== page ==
Model m2 will estimate the same parameters as m1, but in addition will also estimate the additional parameter . The larger the value of , the greater the degree of overdispersion in the dataset. The magnitude of the variance parameter can be informative, for example when compared to hierarchical variance components (e.g., individual nested within brood, nested within site (see Elston et al., 2001)). However, in many cases the OLRE will simply ‘soak up’ the extra-Binomial variation in the data, effectively treating the overdispersion as nuisance variation. The problem with this approach is that often the overdispersion might be biologically interesting (Zuur et al., 2009) and indeed relevant to our hypotheses regarding the processes underlying variation in the observed data. An alternative way to model overdispersion is by using hierarchical models such as Beta-Binomial models.
Modeling overdispersion using hierarchical Beta-Binomial models
An alternative to adding an observation-level random effect to models involves modelling the overdispersion using compound probability distributions such as the Beta-Binomial. The benefit of this approach is that by quantifying the process generating the overdispersion (through the estimate of ϕ, see below), one may gain a more precise understanding of the ecological mechanisms underlying observed data (Martin et al., 2005; Richards, 2008). For Beta-Binomial models, the linear predictor remains the same as Eq. (2)–Eq. (4) above, on the logit scale but instead of drawing observed counts directly from a Binomial distribution with mean pi, we draw the Binomial probabilities from a beta distribution with parameters a and b: (7) (8) (9) (10) where ai and bi are the shape and scale parameters of the Beta distribution for individual i, calculated using the value of pi (Eq. (4)) and ϕ, which is the constant overdispersion term in the model. As with for the OLRE models above, the larger the value of ϕ the greater the degree of overdispersion in the data.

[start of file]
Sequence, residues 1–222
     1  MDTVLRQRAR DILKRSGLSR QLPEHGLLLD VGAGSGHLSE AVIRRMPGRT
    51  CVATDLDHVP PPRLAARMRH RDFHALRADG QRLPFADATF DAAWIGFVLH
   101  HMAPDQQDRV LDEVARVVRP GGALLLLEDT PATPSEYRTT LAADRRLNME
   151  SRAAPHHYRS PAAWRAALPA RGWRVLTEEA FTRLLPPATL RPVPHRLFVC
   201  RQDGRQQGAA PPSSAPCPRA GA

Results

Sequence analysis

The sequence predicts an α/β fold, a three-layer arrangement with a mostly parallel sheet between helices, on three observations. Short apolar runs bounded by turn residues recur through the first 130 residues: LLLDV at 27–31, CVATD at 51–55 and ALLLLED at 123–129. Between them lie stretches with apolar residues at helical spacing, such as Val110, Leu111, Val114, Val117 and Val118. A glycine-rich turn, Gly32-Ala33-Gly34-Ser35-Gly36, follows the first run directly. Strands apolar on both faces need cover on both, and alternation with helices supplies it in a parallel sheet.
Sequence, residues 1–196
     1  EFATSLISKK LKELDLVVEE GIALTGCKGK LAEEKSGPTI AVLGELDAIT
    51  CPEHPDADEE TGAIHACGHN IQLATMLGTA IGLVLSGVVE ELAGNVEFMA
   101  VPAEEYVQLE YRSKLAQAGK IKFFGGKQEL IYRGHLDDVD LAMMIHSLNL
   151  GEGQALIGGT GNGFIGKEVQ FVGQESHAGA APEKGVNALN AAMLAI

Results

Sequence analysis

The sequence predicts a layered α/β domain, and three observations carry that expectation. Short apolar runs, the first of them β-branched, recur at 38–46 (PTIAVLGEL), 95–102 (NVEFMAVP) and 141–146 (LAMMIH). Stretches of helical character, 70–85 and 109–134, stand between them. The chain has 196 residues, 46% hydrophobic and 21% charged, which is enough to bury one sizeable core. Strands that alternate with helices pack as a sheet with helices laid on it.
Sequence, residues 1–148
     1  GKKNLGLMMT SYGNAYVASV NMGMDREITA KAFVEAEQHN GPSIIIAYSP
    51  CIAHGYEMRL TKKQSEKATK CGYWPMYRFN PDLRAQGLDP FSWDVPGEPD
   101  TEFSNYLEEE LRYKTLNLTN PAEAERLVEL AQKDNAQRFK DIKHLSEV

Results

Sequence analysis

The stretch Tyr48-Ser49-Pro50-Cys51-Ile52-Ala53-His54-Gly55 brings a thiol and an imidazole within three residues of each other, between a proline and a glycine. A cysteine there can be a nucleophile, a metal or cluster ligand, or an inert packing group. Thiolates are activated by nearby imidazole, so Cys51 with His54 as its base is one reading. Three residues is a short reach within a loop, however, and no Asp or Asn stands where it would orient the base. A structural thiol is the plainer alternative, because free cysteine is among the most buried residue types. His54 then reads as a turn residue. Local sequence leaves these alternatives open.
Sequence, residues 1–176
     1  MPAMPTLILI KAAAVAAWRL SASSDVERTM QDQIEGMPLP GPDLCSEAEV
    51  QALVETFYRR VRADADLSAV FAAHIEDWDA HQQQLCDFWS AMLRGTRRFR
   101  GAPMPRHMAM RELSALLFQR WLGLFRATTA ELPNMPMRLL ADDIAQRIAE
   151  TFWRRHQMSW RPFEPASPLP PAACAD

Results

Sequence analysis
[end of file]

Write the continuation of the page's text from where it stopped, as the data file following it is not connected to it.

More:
Overdispersion and sample size
Multiple features biological data can influence the accuracy with which models recover parameter estimates for effect sizes. Overdispersion is likely a ubiquitous feature of the kinds of ‘messy’ data collected by ecologists from field and laboratory studies, and is known to bias parameter estimates in count data (Hilbe, 2011; Harrison, 2014). In addition, overdispersion can arise for a variety of reasons, including aggregation (heterogeneity) in the data, or through failing to measure important covariates, or include relevant interactions between covariates in models (Hilbe, 2011). However, multiple factors may interact with overdispersion to add further bias to models of overdispersed data, including most notably the sample size of the datasets. To date, relatively little is known in the ecological literature about the interaction between overdispersion and sample size and how this affects parameter estimates. This is particularly relevant to mixed effects models, where the number of grouping levels of a random intercept term (e.g., number of populations) can greatly influence model accuracy. Low replication at the level of the random effect grouping variable can mean there is not enough information to estimate the variance among groups, especially if one employs 5 or fewer levels (Gelman & Hill, 2006, p. 247). Unfortunately, ecologists often fit factors containing fewer than 5 levels as random effects (e.g., a random intercept for ‘Year,’ Harrison et al., 2013a; Harrison et al., 2013b), largely because gathering 3 or 4 years of data in the laboratory or field represents an enormous amount of work.